Notable findings from the report include:
Fissures in Trump’s support emerge among the working-class. One in four 2016 Trump voters (23%) do not back him in our online survey. When canvassers dug into the impact of Trump’s first term, most people said that it either made no difference or hurt their family. Even 1 in 5 of those who told us Trump’s first term in office helped their family say they plan to vote for the Democratic nominee. While Trump’s support seems to have hardened among his remaining supporters, his base of support appears to have contracted, rather than expanded.
The Democratic base is galvanized against Trump. In our online survey, 2016 Clinton voters and those base voters who skipped 2016 say overwhelmingly (86%) they are unified behind whoever the Democratic nominee turns out to be. Despite pundits’ concerns with the potentially divisive impact of a Democratic nominating contest, these voters are not turned off from participating in the 2020 election.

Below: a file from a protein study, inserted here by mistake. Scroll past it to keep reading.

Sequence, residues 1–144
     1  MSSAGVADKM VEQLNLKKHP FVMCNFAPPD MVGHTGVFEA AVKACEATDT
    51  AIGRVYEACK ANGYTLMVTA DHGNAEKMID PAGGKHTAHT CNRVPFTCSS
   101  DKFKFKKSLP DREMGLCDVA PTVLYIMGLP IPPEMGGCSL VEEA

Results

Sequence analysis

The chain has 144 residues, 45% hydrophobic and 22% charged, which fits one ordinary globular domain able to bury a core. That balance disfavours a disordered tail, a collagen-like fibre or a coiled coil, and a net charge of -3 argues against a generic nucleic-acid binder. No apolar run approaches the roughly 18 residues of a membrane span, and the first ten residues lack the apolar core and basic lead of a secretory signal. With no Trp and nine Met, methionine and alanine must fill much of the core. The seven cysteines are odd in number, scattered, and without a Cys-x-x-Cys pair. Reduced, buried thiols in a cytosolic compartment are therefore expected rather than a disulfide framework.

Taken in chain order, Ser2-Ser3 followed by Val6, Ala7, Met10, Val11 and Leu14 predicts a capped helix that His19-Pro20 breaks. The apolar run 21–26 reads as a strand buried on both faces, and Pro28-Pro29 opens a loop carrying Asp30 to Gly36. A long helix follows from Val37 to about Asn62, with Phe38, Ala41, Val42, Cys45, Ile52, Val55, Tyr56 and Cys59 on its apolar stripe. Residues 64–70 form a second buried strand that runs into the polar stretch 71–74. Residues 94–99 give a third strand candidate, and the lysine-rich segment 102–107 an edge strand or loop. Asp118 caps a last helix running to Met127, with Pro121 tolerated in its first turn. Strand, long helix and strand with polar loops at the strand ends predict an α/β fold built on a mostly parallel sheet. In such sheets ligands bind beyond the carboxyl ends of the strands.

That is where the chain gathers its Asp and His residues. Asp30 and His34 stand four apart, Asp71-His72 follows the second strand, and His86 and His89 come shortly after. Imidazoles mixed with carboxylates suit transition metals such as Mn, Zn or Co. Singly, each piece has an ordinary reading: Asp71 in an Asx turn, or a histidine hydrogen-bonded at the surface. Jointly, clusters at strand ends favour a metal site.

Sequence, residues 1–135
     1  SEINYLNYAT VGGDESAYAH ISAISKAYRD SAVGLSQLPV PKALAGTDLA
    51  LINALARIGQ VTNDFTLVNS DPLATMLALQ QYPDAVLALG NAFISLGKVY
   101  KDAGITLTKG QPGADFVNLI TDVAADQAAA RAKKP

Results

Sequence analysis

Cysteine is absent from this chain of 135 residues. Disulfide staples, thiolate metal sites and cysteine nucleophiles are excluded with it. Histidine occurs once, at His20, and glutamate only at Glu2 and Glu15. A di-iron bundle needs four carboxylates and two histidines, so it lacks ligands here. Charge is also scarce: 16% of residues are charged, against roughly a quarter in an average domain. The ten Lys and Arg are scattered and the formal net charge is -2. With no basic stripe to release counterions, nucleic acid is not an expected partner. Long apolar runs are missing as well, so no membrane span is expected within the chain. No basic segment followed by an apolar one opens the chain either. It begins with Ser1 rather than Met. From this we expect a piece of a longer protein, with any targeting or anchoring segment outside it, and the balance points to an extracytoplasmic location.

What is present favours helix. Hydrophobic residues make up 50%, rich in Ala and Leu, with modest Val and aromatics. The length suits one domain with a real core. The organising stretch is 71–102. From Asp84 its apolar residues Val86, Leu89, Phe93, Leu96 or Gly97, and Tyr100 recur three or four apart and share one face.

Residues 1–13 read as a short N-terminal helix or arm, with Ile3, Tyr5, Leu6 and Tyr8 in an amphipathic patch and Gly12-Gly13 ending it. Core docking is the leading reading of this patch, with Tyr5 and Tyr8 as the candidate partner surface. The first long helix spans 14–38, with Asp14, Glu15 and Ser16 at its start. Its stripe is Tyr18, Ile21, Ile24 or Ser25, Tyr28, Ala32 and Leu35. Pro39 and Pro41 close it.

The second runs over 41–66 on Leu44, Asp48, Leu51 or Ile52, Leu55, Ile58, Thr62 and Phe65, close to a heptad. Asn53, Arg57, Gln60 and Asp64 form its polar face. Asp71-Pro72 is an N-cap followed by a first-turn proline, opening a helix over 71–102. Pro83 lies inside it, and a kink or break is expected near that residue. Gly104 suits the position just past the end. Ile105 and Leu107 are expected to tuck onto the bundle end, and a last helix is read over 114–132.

In 2020, persuadable voters in key battleground states — Arizona, Michigan, Minnesota, Pennsylvania and Wisconsin — are as receptive to a wide range of progressive policies as the Democratic base. The policy details of the Green New Deal or expanding the Affordable Care Act matter less to voters than the need to take action.
The Trump tax plan is remarkably unpopular, showing surprising potential for voter persuasion against him. Our face-to-face conversations revealed that Trump’s tax plan has very little support. In fact, working-class people described, in concrete terms, how they were personally affected or did not feel tangible benefits of the tax code overhaul. Regardless of party affiliation, the bill piqued voters’ sense of fairness because the bill disproportionately benefited the rich. Engaging with voters on the Trump tax bill could prove to be a promising approach for progressives looking to win persuadable voters.